Loss of biodiversity

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Biodiversity is affected through a variety of means. Landscaping with non-native plants that adapt well to a new climate, for example, can allow the non-native plant to spread at the expense of native plants. Ranching has led to problems in places such as Death Valley, a fragile ecosystem where hardy grasses that were originally introduced into neighboring ranges for sheep ranchers, have invaded and outcompeted indigenous and rare species within Death Valley itself.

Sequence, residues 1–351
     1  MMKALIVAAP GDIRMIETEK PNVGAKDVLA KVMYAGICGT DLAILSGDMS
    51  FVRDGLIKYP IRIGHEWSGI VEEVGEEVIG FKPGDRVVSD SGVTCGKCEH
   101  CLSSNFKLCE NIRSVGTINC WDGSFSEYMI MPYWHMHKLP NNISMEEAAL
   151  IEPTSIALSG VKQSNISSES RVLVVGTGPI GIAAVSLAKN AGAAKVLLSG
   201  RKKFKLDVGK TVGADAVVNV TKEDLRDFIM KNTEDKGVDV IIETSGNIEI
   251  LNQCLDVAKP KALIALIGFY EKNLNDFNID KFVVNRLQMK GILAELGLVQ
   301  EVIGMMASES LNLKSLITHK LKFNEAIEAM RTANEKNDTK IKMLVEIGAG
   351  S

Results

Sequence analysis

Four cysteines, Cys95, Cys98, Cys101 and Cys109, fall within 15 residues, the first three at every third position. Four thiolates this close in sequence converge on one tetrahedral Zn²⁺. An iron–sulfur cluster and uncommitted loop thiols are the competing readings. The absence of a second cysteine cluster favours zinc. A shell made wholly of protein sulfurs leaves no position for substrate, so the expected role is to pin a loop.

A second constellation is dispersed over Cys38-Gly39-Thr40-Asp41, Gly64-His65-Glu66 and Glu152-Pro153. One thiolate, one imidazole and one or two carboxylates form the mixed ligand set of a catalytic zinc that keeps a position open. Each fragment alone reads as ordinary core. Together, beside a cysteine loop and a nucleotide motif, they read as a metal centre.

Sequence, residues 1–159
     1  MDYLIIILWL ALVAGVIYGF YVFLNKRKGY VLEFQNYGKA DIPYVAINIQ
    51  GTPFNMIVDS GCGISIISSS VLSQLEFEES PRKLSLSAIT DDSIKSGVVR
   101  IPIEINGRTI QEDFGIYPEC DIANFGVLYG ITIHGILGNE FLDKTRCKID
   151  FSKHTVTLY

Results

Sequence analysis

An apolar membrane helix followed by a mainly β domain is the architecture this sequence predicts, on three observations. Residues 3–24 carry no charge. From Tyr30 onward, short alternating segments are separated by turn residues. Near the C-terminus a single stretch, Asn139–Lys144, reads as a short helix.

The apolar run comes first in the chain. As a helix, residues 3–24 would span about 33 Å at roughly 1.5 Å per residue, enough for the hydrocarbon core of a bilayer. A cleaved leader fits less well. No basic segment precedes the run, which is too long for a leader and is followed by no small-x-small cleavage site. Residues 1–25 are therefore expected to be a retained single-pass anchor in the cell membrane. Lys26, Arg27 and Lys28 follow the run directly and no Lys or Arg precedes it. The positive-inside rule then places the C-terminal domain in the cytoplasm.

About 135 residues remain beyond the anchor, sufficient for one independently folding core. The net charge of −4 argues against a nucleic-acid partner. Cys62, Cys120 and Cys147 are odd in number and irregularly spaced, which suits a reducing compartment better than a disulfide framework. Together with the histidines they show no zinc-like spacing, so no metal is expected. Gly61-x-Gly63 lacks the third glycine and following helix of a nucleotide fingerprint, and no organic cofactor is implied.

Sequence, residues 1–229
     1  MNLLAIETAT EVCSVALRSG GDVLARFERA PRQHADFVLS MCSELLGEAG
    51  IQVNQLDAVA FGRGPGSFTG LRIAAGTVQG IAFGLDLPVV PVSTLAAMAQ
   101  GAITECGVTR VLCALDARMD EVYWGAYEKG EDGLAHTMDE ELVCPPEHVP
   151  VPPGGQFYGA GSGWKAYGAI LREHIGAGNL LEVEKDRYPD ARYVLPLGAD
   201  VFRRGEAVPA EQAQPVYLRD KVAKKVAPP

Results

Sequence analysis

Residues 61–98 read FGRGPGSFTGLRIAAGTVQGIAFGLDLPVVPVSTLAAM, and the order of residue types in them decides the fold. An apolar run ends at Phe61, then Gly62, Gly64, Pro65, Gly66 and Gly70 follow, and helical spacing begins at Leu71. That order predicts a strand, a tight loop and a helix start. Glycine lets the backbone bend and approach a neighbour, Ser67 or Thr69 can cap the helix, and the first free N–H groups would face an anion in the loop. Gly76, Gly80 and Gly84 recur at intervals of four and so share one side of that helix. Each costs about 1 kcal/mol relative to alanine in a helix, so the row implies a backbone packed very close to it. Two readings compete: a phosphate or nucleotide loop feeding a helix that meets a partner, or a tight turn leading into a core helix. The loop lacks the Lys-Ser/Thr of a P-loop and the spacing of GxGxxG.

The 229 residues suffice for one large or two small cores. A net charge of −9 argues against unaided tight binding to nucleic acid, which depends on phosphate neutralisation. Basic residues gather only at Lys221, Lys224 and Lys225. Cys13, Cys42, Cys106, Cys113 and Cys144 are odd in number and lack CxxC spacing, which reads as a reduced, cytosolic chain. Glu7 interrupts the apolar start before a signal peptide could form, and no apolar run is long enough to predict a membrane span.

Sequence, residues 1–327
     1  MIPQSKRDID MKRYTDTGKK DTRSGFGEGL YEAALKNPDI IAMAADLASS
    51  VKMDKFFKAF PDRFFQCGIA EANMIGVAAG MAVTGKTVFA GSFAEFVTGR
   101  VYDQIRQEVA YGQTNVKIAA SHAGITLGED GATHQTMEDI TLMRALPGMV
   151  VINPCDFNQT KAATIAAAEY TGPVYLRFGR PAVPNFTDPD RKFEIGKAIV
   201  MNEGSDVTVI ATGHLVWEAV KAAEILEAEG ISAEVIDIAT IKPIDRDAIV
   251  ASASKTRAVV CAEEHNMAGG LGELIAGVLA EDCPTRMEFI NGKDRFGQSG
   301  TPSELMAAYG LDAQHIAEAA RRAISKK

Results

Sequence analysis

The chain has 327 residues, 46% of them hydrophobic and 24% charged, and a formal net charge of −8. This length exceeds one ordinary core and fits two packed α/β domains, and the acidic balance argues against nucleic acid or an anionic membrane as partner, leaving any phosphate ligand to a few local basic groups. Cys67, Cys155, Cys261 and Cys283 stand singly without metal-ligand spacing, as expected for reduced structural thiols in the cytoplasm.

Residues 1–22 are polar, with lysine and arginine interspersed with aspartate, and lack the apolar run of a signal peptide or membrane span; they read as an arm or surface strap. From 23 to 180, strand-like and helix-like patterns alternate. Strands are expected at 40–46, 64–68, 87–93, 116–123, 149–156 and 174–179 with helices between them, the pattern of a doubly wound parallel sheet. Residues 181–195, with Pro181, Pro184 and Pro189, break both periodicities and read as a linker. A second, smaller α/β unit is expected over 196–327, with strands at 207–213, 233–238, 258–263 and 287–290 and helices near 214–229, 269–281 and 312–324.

Climate change may also be facilitating the loss of biodiversity.

Linking climate change and biological invasions: Ocean warming facilitates nonindigenous species invasions.

Stachowicz JJ, Terwin JR, Whitlatch RB, Osman RW.

Section of Evolution and Ecology, University of California, Davis 95616, USA.